Braungardt, C., Achterberg, E.P., Elbaz-Poulichet, F. and Morley, N.H.
Metal geochemistry in a mine-polluted estuarine system in Spain
Applied Geochemistry, 18, (11), . (doi:10.1016/S0883-2927(03)00079-9).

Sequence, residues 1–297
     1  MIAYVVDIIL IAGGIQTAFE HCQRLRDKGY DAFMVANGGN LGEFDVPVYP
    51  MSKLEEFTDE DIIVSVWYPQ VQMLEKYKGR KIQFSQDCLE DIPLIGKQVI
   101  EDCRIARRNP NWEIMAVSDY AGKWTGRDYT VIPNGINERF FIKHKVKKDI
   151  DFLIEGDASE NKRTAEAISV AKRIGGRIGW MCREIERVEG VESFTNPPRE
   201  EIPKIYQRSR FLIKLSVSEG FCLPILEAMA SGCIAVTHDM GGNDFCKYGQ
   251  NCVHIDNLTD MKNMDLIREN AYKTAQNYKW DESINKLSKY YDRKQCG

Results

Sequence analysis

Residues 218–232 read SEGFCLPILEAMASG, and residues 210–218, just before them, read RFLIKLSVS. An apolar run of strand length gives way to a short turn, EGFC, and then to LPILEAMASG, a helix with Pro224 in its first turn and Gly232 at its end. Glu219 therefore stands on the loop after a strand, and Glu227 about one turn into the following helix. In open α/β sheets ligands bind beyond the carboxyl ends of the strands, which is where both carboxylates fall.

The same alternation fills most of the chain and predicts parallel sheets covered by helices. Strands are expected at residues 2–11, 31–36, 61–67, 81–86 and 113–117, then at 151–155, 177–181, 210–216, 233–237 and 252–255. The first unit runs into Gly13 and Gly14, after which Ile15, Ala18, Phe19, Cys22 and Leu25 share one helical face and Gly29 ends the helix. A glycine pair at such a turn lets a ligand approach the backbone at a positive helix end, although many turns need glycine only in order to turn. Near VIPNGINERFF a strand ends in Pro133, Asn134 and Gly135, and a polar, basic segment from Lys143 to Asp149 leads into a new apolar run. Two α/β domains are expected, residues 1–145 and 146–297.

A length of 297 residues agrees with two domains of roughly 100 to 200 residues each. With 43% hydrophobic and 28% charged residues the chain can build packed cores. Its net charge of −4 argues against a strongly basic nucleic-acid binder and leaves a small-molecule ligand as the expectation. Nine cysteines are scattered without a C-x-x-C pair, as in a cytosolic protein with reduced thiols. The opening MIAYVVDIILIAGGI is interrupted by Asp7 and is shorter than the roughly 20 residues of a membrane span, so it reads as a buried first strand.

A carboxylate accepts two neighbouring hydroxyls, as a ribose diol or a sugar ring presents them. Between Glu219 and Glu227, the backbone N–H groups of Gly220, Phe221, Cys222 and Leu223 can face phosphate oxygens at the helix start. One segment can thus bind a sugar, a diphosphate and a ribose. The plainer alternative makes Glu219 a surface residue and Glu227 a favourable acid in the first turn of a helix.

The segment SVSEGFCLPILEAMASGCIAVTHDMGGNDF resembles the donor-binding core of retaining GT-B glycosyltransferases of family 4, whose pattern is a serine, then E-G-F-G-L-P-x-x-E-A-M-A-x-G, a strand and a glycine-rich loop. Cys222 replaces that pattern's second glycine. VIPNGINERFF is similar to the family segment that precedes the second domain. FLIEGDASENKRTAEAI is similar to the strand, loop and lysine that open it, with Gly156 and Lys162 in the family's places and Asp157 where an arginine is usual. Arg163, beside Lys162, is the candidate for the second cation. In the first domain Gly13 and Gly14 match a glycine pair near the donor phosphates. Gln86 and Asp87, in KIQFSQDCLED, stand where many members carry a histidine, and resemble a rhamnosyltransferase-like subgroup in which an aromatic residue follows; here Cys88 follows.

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The Rio Tinto and Rio Odiel drain the Iberian Pyrite Belt, an important metal-rich sulphide deposit. The rivers are highly acidic (pH 2.2–3.6) and have milli-molar SO4 and Fe concentrations and micro-molar Co, Cu, Mn and Zn concentrations. Observed dissolved metal levels were at a maximum during autumn and early winter surveys (e.g. Rio Tinto: 460–856 ? M Cu), and lower in late winter, spring and summer (121–175 ? M Cu). This variability is attributed to the production of concentrated acid mine drainage (AMD) during periods of enhanced microbial activity at higher temperatures in summer, and a subsequent run-off of the AMD into the rivers with the first rain in the autumn. Lower temperatures and dilution by winter floods resulted in a reduction of river metal concentration towards the end of the wet season. Metal distributions in the estuarine mixing zones of the Tinto and Odiel were governed by the acidity. The lack of metal transfer from the dissolved to the particulate phase in the low salinity region is attributed to the electrostatic repulsion between the metal cations and positive charges on particle surfaces, and/or to the protonation of adsorption sites at low pH. Dissolved Pb was an exception and showed marked removal in the low salinity zone at low pH (pH 2.5), due to its particle reactive nature. The gross metal fluxes from the Rio Tinto and Rio Odiel are important on a global scale, for example amounting to 8.1 and 1.6% of the estimated global riverine dissolved Zn and Cu fluxes. The fluxes of metals from the estuary contribute to enhanced dissolved metal concentrations observed in the Gulf of Cadiz.
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